Coalition Asks EPA to Add Textiles to Plastic Reduction Plan

recommerce used clothing feature

Apparel and recommerce companies make up a coalition asking the EPA to add textiles to a plastic reduction measure now under review (credit: Alexandra Gorn on Unsplash)

The American Circular Textiles Group (ACT), a coalition of apparel brands, recommerce companies and recycling solution providers, is asking the Environmental Protection Agency (EPA) to include textile waste in its efforts to prevent plastic pollution, as part of a draft plan that was issued for review in April.

In a letter to the EPA, ACT director Rachel Kibbe proposed amending existing Extended Producer Responsibility (EPR) laws to include textiles, as well as a deposit system similar to bottles and cans to incentivize consumers to return used apparel and fund recycling programs.

EPR laws assign responsibility to manufacturers for product end of life, including contributing financially and engaging in operations to facilitate recycling and reuse. Earlier this year, California introduced the first EPR bill for textiles, while bills pending in Maryland and North Dakota would provide a tax exemption on the resale of used apparel.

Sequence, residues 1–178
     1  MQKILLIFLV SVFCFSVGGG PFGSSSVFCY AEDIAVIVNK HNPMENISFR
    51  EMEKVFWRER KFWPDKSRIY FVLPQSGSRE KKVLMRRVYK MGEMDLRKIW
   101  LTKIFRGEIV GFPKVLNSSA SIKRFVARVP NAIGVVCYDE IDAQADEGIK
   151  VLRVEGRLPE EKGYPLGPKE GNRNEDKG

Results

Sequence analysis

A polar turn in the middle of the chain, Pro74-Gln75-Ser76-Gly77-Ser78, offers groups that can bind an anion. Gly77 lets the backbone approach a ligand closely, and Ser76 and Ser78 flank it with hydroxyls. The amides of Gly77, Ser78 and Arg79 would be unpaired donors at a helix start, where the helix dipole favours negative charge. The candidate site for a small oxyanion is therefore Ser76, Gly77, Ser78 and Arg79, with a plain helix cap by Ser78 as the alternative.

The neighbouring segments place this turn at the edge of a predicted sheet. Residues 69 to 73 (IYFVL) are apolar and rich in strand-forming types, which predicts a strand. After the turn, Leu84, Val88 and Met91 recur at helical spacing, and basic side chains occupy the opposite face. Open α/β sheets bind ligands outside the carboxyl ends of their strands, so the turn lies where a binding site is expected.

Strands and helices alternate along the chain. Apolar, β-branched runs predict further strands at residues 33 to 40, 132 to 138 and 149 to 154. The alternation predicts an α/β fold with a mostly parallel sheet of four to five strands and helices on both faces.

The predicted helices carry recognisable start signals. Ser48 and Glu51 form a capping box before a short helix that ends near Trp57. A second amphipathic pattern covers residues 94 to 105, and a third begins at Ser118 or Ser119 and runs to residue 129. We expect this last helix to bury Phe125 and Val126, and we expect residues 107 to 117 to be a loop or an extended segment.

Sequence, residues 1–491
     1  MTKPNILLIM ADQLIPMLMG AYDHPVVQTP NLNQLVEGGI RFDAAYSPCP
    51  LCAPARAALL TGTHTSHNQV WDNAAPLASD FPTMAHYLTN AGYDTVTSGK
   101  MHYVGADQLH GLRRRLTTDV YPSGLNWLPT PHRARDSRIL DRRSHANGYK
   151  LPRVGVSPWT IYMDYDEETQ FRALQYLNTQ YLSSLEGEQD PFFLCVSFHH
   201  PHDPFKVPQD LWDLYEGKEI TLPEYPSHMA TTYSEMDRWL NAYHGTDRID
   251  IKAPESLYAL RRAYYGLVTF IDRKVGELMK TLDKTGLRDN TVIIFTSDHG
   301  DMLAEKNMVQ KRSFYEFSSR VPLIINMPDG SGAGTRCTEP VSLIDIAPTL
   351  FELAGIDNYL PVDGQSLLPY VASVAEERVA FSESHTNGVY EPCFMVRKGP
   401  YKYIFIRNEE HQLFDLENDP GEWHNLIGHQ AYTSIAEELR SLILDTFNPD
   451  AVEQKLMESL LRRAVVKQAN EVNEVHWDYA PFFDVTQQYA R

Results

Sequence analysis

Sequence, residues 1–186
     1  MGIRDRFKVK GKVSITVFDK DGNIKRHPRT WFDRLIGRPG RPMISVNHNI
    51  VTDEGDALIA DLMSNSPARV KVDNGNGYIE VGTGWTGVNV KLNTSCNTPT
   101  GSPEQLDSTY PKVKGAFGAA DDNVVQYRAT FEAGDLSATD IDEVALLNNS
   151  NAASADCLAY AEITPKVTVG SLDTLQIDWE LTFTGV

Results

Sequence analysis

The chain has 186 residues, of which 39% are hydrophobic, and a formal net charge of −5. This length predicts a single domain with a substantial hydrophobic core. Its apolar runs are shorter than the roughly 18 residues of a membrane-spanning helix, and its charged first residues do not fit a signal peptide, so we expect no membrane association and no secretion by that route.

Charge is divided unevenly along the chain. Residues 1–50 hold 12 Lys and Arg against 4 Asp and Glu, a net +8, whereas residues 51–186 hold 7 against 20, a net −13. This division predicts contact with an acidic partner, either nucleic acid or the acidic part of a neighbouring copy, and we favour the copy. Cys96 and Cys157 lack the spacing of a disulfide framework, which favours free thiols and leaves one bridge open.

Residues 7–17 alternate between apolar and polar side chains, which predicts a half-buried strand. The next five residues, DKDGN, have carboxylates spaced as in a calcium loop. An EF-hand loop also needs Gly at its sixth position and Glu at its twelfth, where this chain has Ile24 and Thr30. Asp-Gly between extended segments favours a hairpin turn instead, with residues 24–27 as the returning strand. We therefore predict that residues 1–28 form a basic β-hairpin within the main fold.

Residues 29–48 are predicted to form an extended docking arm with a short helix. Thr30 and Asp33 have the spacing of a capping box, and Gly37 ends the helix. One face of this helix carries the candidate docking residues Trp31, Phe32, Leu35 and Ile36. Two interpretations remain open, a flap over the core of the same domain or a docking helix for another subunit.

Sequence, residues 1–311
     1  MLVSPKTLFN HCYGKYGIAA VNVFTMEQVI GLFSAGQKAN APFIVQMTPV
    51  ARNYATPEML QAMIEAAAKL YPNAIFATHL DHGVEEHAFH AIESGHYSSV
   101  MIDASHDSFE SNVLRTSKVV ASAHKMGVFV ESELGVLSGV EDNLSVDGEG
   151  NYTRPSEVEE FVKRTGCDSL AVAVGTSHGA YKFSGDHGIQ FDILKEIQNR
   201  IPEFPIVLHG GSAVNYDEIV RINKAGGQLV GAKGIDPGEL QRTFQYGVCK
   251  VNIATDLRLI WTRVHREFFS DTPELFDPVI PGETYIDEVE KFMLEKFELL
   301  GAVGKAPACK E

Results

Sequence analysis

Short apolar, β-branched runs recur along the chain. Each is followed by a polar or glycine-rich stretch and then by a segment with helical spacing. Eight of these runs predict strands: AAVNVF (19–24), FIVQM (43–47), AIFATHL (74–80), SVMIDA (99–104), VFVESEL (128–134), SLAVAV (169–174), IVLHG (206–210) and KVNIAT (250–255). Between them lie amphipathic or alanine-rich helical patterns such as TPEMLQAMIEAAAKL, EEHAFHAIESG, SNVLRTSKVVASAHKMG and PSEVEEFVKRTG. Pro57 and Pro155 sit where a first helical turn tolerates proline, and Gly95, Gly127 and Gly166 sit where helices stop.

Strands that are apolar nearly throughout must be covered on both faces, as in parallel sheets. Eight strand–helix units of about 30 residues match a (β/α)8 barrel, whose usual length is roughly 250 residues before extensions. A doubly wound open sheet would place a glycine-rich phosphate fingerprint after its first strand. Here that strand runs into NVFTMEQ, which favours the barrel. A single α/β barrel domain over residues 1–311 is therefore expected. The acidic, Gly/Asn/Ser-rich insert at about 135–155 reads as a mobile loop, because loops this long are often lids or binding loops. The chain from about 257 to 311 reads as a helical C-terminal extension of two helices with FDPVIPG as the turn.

“Federal policy could work to harmonize state laws with clear textile collection targets and carve out funds for textile reuse and recycling logistics, infrastructure and innovation, which will bolster efforts in combating plastic waste and promoting a circular economy,” Kibbe said in her letter to the EPA, in urging the amending of current EPR laws to include textiles, or creation of new ones.

Kibbe wrote that the EPA and other federal agencies could work with Congressional committees to pass bipartisan legislation that creates a “unified roadmap” for textile reuse and recycling solutions. “This approach will ensure consistency and accessibility while avoiding confusion arising from patchwork state and local laws,” she said.

According to a United Nations environmental report from 2019, about 60% of the material used to make apparel goods is plastic-based, including polyester, acrylic and nylon textiles. And an April 2023 ACT report on the opportunity for circular fashion said textile waste in the U.S. has grown by 80% since 2000, making it the nation’s fastest-growing waste stream. Also, more than 30 billion pounds of textile waste goes into landfills and incinerators annually.

Current members of ACT include retailers H&M and Reformation, recommerce platforms The RealReal, ThredUp, Arrive, Thrilling, Recurate and Fashionphile, apparel reverse logistics solutions De Brand and Super Circle and textile recycling provider Sortile.